As the historian Peter Edwards has reminded us, that all powerful US General at the time, Douglas MacArthur, regarded Australia as a safe, land-based aircraft carrier but had asserted that merely holding similar democratic values, or the consanguinity of race, wasn’t enough, without strategic assets, to warrant a military guarantee to anyone.
Further uncertainty re-emerged in the region with the Communist
Party’s victory in China in 1949, and when war broke out in Korea in 1950, with the north’s invasion of the south.
Both the US and Australia saw the potential of an alliance as being more than a strategic convenience. Both sought stability and security for a region that not many years before had been embroiled in the greatest military struggle ever seen in the Pacific area.
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Afghanistan proves that sending us off to war needs a better, broader debate 

By AWPR Acting President, Dr Alison Broinowski

There is no stronger evidence of the need to completely overhaul how Australia goes to war than the tragedy unfolding in Afghanistan.

Yet former prime minister John Howard declares he would do it all again.

At present the power to take us to war lies solely in the hands of the prime minister, with the Parliament having no say whatsoever. But transparency and accountability to Parliament are critical if disasters like the Afghanistan war are not to be repeated.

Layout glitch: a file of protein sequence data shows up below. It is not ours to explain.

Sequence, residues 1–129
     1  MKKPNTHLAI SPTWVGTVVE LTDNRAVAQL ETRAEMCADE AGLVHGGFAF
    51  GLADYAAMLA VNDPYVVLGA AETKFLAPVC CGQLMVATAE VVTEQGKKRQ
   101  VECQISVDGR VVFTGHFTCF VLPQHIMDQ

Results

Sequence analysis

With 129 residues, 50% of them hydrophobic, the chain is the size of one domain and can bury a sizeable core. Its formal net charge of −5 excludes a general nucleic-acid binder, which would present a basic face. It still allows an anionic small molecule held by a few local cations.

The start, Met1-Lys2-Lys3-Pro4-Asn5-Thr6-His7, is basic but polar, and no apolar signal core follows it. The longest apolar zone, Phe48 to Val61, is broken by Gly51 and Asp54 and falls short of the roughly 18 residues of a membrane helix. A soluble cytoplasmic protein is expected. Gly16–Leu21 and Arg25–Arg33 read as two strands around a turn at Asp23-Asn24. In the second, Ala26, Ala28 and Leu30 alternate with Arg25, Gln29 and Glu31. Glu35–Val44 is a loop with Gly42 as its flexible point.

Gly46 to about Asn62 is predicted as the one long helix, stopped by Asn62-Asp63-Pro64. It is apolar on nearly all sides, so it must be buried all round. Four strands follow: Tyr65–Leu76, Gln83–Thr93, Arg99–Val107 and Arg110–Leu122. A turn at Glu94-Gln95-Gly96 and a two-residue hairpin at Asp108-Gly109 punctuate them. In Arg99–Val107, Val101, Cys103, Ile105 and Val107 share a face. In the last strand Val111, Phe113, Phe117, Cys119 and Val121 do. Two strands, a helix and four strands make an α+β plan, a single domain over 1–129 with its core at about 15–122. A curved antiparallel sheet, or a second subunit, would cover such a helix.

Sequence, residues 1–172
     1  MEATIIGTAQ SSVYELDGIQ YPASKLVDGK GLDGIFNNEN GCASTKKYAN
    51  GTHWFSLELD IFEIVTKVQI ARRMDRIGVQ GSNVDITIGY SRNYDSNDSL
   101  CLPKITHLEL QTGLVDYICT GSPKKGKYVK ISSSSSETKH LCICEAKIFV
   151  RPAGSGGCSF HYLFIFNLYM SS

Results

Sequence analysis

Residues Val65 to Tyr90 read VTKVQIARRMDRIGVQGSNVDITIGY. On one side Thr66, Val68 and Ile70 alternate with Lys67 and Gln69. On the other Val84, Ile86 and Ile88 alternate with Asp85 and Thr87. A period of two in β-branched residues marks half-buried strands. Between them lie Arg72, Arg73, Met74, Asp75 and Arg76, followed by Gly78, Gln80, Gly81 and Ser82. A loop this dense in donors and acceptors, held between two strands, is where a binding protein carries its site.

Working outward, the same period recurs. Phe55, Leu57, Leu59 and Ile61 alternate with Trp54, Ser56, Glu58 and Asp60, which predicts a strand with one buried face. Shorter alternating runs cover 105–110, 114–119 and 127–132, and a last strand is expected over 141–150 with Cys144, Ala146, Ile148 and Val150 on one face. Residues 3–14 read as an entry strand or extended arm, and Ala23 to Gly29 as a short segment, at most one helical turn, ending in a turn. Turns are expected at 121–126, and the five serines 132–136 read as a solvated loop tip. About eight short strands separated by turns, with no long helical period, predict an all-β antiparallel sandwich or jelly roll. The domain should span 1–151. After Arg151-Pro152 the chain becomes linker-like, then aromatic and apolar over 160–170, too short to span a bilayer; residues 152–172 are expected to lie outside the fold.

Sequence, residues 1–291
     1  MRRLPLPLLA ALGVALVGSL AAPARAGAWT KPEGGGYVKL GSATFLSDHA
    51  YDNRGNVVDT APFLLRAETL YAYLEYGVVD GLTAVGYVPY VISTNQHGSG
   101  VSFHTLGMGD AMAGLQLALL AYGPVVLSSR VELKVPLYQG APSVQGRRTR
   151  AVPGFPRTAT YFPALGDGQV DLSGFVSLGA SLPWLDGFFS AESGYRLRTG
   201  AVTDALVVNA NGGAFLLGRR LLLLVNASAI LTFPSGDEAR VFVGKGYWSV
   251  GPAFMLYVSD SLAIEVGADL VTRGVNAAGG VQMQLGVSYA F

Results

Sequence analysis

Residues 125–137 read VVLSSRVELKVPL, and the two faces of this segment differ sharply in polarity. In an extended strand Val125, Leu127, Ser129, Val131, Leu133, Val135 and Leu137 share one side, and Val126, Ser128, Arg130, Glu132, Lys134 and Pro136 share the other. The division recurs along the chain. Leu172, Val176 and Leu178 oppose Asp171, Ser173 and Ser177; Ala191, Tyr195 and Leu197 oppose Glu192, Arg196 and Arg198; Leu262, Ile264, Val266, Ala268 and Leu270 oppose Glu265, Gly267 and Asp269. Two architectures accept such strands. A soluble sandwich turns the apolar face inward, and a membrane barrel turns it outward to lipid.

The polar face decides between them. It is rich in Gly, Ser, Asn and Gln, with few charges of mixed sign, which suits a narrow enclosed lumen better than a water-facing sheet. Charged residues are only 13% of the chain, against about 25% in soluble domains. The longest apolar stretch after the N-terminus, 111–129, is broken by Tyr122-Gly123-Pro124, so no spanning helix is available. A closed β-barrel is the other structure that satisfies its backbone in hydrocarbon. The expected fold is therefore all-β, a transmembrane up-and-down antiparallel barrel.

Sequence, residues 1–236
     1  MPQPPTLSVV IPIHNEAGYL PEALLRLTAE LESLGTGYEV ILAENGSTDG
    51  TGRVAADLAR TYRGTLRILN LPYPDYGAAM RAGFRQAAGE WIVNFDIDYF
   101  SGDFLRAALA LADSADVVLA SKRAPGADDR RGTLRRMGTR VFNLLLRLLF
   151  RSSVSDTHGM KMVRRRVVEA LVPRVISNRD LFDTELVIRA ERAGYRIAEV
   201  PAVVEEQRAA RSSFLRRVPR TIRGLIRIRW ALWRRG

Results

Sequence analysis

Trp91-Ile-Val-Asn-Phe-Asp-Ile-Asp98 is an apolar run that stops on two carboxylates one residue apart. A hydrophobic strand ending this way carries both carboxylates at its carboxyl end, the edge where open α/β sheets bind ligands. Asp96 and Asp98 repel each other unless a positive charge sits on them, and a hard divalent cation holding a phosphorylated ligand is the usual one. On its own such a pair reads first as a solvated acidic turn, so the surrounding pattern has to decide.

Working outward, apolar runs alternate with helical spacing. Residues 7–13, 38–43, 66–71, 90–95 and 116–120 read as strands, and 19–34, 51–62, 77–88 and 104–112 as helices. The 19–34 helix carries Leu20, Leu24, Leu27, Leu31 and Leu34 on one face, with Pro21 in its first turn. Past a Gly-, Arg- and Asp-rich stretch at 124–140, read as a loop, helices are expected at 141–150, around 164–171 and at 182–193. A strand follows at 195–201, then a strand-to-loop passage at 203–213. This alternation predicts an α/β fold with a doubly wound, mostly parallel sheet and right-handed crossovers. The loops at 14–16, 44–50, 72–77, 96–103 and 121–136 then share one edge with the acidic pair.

Legislation is before the Senate to address once and for all this key issue of war powers, but both major parties are refusing to debate the bill. This is the third time since the war began that legislation has been introduced, with attempts in 2003 and 2014. Both times the Coalition and Labor opposed the bill.  
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Afghanistan - 18 years of lies and obfuscation  
Written in 2020, our in-depth 3 part series on Afghanistan exposes the deceit that formed the backdrop to the invasion of Afghanistan.
Afghanistan Part 1 
In December 2019 the Washington Post created an international sensation when it released the results of its three year legal battle with the US government for access to top secret information about the Afghanistan war. Through Freedom of Information Act lawsuits, the Post secured material generated by an internal review of the war, called Lessons Learned. The documents include records of interviews with hundreds of military leaders, diplomats, aid workers and Afghan officials. They tell a story that ‘violently contradicts’ what the US government and three successive US presidents have told Americans, and the world, about Afghanistan.